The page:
For a variety of reasons, I’ve been thinking about the use of language in print. The ongoing debate about whether blogging will change journalism or if it even can be journalism; the questions about whether a blog posting should be edited or restructured to resemble a news story if it appears in a “publication”; the whole issue of whether the lack of linguistic precision that does characterize blog postings is bad for the language.
Then, it occurred to me as I was walking around a trade show yesterday listening to the Sex Pistols’ Anarchy in the UK on my iPod that Mick Jagger has been knighted by the Queen of England. The condemnation of bloggers’ writing style by “professional journalists,” amongst whom I am numbered, sounds suspiciously like the conceit of the English aristocracy at the mongrelization of its language by the masses, by people represented by folks like Sir Mick, who had sympathy for the devil, danced with Mr. D. and made some great songs out of the phrase “Doo doo doo doo doo.”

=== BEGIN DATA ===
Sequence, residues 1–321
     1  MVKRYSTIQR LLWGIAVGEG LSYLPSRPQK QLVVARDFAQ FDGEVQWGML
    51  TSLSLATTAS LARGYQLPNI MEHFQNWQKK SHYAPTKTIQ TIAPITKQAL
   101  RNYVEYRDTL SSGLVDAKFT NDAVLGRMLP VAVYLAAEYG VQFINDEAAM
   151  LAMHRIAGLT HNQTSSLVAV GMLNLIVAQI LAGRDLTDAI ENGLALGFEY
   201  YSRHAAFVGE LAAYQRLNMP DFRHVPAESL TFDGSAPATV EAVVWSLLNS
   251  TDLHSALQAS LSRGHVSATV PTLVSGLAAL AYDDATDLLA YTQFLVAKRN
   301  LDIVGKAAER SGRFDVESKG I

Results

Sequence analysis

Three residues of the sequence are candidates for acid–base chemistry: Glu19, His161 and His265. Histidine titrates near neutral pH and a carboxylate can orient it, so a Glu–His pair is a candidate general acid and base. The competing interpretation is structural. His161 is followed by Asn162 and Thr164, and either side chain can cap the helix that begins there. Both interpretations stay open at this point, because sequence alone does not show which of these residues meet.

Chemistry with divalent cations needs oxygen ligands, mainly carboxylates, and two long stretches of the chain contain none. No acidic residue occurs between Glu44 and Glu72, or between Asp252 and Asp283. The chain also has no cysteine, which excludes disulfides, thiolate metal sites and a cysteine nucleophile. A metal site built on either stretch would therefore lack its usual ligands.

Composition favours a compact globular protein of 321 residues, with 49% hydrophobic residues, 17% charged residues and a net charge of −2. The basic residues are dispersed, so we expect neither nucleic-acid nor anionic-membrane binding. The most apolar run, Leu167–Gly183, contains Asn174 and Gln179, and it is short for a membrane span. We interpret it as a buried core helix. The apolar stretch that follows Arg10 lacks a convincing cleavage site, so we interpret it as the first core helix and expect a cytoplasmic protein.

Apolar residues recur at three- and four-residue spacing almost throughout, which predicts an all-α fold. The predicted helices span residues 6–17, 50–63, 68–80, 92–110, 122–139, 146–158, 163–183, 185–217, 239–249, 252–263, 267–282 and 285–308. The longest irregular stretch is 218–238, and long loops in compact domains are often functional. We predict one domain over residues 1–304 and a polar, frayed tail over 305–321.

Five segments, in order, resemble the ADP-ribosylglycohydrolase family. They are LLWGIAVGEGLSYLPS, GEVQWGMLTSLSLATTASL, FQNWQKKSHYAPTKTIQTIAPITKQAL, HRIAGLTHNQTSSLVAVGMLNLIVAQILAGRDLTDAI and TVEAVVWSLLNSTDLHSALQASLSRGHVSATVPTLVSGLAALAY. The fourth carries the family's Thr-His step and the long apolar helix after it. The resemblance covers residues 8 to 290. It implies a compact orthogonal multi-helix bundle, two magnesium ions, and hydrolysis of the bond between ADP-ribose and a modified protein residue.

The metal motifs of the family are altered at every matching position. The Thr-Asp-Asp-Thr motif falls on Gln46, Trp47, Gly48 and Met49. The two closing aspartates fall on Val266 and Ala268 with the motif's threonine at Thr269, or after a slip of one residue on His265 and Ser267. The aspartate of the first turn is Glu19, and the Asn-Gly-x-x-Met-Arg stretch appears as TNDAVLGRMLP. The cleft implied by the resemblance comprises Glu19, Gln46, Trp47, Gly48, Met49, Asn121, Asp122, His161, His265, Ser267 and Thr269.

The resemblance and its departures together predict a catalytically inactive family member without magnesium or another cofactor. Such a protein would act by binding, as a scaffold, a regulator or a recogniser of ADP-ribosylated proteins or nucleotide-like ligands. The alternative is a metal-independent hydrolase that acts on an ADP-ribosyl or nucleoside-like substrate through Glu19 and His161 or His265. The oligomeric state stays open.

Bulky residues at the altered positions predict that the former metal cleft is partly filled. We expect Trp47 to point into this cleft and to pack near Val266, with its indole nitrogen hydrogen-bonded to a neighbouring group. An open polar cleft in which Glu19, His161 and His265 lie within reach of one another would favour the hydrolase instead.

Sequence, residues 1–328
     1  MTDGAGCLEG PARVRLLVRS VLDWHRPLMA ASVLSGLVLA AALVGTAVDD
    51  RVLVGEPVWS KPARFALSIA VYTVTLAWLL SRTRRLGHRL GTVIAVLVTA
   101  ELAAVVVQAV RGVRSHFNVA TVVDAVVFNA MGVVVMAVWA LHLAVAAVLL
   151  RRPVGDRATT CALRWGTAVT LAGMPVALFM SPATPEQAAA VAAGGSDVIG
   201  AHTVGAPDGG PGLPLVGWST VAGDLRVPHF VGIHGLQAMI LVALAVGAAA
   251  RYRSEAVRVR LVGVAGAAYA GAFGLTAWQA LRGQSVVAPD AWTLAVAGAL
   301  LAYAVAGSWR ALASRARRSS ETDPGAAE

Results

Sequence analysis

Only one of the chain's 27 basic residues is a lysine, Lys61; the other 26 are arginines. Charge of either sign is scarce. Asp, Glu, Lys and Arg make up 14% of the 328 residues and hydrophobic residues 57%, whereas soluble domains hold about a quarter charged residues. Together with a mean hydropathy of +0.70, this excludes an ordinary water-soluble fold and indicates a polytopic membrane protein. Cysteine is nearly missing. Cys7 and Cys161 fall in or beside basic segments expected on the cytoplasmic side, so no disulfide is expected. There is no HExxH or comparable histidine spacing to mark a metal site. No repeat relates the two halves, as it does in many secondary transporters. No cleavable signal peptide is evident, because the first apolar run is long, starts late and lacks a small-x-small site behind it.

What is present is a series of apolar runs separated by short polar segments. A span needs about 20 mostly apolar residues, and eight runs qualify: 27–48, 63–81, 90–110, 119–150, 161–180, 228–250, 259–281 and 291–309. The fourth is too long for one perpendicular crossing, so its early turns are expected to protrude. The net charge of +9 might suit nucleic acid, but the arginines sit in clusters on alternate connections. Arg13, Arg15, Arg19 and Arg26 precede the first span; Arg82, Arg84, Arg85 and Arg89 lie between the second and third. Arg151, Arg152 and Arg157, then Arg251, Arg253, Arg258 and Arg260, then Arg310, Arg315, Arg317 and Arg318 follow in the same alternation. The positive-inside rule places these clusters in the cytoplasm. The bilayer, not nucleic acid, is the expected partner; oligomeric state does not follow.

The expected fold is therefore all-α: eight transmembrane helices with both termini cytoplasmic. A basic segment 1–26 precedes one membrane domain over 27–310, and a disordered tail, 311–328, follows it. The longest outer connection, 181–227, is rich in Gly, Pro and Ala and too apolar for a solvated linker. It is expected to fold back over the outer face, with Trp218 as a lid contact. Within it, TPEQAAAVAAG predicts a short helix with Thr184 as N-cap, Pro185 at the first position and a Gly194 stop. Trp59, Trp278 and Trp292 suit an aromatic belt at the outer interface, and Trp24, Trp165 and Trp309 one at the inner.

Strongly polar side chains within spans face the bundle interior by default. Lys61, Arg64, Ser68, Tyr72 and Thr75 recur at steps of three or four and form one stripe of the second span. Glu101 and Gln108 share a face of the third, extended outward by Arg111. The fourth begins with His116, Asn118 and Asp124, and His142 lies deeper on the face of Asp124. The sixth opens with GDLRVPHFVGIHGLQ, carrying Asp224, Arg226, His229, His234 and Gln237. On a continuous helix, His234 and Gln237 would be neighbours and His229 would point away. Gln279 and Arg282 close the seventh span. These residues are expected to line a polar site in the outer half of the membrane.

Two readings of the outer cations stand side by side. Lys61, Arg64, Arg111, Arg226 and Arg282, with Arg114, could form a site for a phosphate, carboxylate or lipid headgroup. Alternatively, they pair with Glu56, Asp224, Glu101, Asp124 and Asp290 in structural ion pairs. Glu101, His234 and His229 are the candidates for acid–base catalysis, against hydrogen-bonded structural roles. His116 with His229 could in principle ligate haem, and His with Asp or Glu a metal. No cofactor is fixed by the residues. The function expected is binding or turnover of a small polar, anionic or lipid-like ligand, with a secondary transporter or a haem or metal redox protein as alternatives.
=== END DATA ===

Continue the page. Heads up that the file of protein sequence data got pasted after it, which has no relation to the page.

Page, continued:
We—that is, the people—should thumb our nose at anyone who claims to be entitled by training to set the public debate about the the value of culture, the value of issues to be debated, or the right to participate in that debate. It’s our world, all of us, not just the people holding certain titles. If blogging breaks down the barriers to contribution to the public discourse, more power will flow to the network’s edge and to the many edges of society shut out of public debates today.
Blogging may introduce more informality into debate, but that also sweeps more people into the debate. If bloggers pursue the same low-minded discourse as, say, Bill O’Reilly or Sean Hannity, then it will be for nought. However, if they add to the reasoned discourse in coarse language, more power to them.